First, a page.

The technologies which would have enabled astronauts and cosmonauts to build manned research stations on the surface of the moon were all understood in the mid 1970’s, and the technologies which would have enabled astronauts and cosmonauts to construct manned research stations on the surface of Mars were well understood by the end of the 1970’s.  While physicists and engineers had described ideas for how to construct manned research stations on both the moon as well as on Mars back in the 1970’s, constructing manned research stations on the moon was considered too expensive to be considered a serious option back in the 1970’s. As of 2019, constructing a manned research station on the surface of the moon would still be a notably expensive project, but planetary scientists suspect that if agencies from governments of a number of countries are willing to pool their resources, we may see the first permanently manned research station constructed on the surface of the moon at some point within the 2020’s.   

 If the earliest preliminary planning meetings for the construction of manned research bases on the surface of the moon will occur at some point in the 2020’s, the U.S. Federal government will have to reexamine our reluctance to sign party and to subsequently ratify the 1979 Moon Treaty. NASA as well as private companies such as SpaceX which are headquartered in the U.S. do intend to continue to cooperate in close partnerships with space agencies of other countries throughout the world, and the administrative aspects of the partnerships will be made far easier if the U.S. would both sign as well as ratify the 1979 Moon Treaty.

And We’re Going To The Polls In 2020 

Since the Moon Treaty was originally written back in 1979, no fewer than seven (7) U.S. Presidents have refused to sign party to the treaty.

 2020 will be an election year.  We’re seeing numerous people from the Democratic Party discussing their platforms on television and radio news shows every day, and we’re reading about the Democratic Party’s candidates in newspapers and on news websites every day now.  I’ve not heard this treaty mentioned even once so far this year either from anybody who is involved with the two major parties, and I’ve not heard any of the potential candidates from any of the third parties mention this treaty yet either.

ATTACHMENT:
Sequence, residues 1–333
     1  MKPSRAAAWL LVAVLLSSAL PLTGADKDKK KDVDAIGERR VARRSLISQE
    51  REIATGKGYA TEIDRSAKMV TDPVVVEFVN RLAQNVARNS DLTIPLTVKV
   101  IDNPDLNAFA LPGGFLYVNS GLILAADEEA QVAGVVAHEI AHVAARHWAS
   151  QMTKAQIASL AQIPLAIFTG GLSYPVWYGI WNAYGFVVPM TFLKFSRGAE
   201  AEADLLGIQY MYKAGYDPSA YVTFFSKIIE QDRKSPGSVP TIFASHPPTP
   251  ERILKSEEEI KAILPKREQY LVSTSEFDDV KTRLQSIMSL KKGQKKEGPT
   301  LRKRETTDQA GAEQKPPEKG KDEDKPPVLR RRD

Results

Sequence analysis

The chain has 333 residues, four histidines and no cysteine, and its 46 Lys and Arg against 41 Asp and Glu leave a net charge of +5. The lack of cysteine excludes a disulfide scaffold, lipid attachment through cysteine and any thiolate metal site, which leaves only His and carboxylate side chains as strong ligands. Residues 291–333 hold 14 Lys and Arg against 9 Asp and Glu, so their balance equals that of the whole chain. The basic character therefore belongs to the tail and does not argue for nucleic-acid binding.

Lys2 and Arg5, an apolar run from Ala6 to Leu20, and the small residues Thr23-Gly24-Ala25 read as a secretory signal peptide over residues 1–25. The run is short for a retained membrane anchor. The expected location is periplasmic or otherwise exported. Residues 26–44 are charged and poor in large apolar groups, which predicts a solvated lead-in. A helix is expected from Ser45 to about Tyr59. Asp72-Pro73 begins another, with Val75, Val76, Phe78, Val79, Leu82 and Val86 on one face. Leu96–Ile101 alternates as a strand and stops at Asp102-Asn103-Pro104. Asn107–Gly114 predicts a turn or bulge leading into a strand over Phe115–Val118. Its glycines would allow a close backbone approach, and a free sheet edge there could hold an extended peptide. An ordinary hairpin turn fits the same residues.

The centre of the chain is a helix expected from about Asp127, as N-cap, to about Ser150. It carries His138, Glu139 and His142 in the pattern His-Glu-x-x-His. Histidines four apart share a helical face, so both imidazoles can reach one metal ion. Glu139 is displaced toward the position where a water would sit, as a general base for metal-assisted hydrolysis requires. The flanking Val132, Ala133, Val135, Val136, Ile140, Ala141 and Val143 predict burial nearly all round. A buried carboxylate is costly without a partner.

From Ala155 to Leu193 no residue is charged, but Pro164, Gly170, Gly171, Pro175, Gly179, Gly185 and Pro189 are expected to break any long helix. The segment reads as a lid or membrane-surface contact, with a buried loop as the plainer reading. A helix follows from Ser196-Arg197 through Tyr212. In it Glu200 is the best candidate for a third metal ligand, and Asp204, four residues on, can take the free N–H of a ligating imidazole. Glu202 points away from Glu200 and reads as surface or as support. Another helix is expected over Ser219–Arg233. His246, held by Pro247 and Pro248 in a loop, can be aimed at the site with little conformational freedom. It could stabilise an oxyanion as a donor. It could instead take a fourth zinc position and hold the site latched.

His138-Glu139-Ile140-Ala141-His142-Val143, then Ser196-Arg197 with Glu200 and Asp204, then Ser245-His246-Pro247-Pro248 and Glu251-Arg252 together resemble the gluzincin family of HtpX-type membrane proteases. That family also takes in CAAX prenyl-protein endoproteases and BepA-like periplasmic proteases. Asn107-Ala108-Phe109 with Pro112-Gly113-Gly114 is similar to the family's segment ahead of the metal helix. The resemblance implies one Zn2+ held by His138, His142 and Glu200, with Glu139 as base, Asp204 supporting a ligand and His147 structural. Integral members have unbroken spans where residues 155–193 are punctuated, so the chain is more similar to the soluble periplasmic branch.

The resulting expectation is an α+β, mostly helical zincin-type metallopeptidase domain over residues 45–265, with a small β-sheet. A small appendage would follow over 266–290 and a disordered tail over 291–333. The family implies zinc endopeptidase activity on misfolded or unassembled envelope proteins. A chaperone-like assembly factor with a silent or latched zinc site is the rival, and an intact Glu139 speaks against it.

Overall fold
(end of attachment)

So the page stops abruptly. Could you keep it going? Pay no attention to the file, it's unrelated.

The United Nations was founded in 1945.  Over the course of the past 74 years, we’ve learned that when people from numerous agencies from different countries are attempting to work together on various projects, it is usually a lot easier to make progress on the projects that they’re working on together when the governments of the countries which are involved in various projects have signed and ratified conventions and treaties which clearly define the terms regarding the projects that they’re working on.  This has been true when people from different countries are working together on different projects on earth, and this will continue to be true as people from numerous different countries attempt to work together in space exploration missions.

Scott Benowitz

Scott Benowitz is a staff writer for Afterimage Review. He holds an MSc in Comparative Politics from The London School of Economics & Political Science and a B.A. in International Studies from Reed...